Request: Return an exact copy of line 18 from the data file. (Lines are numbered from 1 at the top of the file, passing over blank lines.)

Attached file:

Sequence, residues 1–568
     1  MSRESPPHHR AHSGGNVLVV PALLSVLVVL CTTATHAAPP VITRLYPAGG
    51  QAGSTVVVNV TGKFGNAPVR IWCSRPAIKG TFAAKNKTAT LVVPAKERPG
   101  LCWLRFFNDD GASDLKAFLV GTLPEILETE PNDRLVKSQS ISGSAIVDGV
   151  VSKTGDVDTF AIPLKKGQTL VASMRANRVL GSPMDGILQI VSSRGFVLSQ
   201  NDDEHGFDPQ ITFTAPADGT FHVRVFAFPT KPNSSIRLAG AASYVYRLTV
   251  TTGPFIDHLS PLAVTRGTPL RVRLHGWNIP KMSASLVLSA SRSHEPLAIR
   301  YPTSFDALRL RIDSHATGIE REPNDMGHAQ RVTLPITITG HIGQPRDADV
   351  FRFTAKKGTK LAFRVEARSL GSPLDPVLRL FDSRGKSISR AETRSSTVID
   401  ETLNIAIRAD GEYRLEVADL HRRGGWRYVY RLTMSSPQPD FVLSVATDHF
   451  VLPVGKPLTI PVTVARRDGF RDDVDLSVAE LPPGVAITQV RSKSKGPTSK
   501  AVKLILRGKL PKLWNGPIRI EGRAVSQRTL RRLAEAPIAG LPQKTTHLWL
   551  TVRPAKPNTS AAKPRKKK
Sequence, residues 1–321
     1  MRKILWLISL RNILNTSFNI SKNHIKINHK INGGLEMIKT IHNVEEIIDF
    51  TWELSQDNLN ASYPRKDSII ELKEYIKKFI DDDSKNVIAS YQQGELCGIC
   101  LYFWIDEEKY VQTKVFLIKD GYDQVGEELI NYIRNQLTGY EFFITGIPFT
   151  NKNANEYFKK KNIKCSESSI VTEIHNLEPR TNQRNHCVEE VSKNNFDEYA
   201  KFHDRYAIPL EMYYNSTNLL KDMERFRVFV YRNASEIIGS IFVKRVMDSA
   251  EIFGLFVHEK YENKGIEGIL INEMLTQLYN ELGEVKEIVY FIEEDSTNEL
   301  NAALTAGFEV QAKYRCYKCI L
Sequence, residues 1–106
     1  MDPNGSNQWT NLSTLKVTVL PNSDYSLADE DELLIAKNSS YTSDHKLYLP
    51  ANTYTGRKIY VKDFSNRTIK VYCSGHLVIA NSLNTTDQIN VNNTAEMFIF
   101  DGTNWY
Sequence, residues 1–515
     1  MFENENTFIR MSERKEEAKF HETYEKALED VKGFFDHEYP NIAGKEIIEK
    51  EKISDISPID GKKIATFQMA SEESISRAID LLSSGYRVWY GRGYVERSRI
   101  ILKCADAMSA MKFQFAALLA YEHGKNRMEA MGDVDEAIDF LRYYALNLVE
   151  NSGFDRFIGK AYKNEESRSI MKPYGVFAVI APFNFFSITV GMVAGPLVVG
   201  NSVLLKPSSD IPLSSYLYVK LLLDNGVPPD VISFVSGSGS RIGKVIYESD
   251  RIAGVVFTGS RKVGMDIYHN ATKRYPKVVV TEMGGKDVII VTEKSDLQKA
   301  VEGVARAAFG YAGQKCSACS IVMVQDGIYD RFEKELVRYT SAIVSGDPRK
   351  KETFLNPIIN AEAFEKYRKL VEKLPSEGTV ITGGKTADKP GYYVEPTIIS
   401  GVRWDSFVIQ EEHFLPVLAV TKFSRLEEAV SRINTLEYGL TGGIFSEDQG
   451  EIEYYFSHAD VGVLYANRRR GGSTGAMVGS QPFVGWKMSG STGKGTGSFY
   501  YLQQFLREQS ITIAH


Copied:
   151  NKNANEYFKK KNIKCSESSI VTEIHNLEPR TNQRNHCVEE VSKNNFDEYA